Benchmark West Texas Intermediate crude for December delivery fell $2.10, or 2.2 per cent, to close at US$93.04 a barrel in on the New York Mercantile Exchange. Oil has dropped about nine per cent in the past month.
Expectations for another increase in U.S. crude supplies weighed on prices.
Data for the week ended Nov. 8 is expected to show an increase of 1.8 million in crude oil stocks, according to a survey of analysts by Platts, the energy information arm of McGraw-Hill Cos. That would mark the eighth straight weekly increase.
Markets also digested reports from the International Energy Agency and the Organization of Petroleum Exporting Countries.
The Paris-based IEA said China and India would turn Asia into the world's main driver of energy demand in coming years, while the United States is expected to be able to meet its energy needs from domestic sources by 2035.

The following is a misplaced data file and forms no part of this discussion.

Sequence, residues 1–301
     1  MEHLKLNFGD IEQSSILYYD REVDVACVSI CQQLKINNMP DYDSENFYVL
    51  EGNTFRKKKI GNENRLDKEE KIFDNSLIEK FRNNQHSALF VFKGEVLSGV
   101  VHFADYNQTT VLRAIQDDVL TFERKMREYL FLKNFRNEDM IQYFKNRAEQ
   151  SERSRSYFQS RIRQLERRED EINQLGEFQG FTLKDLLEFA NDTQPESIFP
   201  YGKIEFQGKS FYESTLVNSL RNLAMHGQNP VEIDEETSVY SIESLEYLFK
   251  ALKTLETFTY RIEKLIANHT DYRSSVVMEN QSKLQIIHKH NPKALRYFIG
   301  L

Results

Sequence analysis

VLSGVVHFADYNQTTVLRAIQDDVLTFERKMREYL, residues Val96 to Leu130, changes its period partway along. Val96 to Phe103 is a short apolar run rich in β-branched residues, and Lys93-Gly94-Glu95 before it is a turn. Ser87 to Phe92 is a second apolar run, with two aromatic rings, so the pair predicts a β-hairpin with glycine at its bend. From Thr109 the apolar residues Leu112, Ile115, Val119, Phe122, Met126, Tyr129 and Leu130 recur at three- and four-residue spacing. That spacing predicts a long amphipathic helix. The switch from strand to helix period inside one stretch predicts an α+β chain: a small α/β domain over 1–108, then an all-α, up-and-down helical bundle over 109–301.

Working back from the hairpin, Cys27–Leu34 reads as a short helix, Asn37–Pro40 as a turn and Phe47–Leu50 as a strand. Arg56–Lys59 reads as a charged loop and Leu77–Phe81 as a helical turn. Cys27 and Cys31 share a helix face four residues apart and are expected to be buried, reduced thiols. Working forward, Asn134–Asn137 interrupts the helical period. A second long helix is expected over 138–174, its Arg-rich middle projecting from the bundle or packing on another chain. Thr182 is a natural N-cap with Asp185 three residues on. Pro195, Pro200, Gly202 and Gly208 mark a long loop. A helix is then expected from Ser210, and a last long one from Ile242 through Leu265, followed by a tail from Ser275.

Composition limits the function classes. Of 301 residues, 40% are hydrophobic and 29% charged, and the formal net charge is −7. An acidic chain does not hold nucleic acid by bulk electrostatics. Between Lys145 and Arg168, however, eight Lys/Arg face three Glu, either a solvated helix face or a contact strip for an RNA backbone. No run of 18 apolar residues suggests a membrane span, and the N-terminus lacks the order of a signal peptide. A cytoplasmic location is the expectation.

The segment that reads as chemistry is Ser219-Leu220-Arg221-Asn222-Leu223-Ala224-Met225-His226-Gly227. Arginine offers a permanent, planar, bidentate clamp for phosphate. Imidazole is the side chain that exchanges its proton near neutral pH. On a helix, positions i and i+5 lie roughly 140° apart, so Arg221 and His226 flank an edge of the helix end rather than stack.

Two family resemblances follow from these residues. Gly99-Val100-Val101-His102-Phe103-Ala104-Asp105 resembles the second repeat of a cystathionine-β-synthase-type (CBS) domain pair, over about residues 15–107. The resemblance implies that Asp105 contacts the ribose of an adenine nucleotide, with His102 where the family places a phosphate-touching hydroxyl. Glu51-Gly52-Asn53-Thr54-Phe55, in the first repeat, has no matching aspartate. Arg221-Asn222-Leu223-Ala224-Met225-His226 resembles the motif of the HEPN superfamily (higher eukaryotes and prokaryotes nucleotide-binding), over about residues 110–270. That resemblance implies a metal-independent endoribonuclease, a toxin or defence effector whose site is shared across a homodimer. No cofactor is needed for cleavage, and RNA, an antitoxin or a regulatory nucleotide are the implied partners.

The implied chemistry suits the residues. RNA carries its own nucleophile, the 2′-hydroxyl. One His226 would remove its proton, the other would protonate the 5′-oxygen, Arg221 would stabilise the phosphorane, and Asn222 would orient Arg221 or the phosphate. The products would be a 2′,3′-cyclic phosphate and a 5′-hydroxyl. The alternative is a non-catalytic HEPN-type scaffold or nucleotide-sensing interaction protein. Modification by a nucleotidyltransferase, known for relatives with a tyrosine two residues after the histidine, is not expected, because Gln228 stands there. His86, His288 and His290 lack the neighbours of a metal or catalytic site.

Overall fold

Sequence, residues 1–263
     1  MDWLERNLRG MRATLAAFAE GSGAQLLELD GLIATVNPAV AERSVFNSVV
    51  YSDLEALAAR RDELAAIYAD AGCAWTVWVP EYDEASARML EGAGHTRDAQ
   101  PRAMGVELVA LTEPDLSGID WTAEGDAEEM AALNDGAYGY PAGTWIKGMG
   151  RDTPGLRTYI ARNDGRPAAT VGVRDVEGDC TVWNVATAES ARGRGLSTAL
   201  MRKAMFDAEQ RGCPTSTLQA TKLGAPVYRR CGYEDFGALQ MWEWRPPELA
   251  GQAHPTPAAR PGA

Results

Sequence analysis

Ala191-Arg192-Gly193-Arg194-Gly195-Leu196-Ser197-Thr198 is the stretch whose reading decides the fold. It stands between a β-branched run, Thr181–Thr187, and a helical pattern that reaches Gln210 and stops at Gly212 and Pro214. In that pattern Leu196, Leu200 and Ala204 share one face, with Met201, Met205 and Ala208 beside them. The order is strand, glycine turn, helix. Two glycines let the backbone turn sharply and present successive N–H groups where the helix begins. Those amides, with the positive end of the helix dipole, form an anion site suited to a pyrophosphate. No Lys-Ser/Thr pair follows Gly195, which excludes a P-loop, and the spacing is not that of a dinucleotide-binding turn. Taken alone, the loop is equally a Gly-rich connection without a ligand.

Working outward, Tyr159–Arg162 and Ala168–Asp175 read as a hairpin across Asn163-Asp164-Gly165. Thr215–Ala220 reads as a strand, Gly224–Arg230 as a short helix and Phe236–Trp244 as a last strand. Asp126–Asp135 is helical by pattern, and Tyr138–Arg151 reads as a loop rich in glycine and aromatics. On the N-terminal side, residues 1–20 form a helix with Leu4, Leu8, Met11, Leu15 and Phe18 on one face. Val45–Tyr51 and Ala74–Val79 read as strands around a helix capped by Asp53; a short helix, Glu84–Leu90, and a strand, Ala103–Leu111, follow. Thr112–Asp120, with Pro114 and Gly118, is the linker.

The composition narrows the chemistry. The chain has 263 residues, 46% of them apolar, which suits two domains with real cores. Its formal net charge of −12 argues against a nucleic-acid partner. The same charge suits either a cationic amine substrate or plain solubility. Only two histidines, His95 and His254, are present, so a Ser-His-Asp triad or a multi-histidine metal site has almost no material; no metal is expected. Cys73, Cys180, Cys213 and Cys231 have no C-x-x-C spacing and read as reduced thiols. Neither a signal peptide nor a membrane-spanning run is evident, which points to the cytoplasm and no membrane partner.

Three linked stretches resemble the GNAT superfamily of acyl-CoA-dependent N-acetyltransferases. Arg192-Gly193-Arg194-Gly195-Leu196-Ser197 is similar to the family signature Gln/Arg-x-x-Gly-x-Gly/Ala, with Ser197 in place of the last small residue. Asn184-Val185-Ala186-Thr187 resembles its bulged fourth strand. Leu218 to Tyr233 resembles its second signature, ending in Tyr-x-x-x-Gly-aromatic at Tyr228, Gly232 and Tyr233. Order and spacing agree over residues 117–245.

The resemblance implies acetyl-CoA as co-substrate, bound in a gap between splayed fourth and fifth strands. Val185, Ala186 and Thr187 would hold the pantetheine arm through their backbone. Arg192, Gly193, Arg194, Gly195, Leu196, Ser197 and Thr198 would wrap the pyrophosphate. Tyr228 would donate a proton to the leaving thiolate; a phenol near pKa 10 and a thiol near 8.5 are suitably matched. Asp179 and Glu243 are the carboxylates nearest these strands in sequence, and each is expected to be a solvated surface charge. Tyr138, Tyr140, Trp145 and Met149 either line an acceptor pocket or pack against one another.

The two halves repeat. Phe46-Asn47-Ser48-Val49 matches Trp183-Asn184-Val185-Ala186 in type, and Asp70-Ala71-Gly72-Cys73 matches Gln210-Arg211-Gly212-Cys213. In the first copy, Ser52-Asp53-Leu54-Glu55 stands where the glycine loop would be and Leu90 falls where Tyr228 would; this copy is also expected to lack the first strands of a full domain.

OPEC, headquartered in Vienna and representing some of the world's largest oil exporters, including Saudi Arabia, Venezuela and Nigeria, kept forecasts for demand for its crude this year and next unchanged from a month ago but warned there were still risks to growth.
"Although the global economy continues to improve, the pace of growth remains sluggish and near-term developments will need close monitoring," OPEC said in its monthly report.
Brent crude, the international benchmark, slipped 64 cents to US$105.54 a barrel on the ICE exchange in London.
In other energy futures trading on Nymex, wholesale gasoline lost one cent to US$2.59 a U.S. gallon (3.79 litres), heating oil slipped four cents to US$2.85 a gallon and natural gas advanced four cents to US$3.62 per 1,000 cubic feet.
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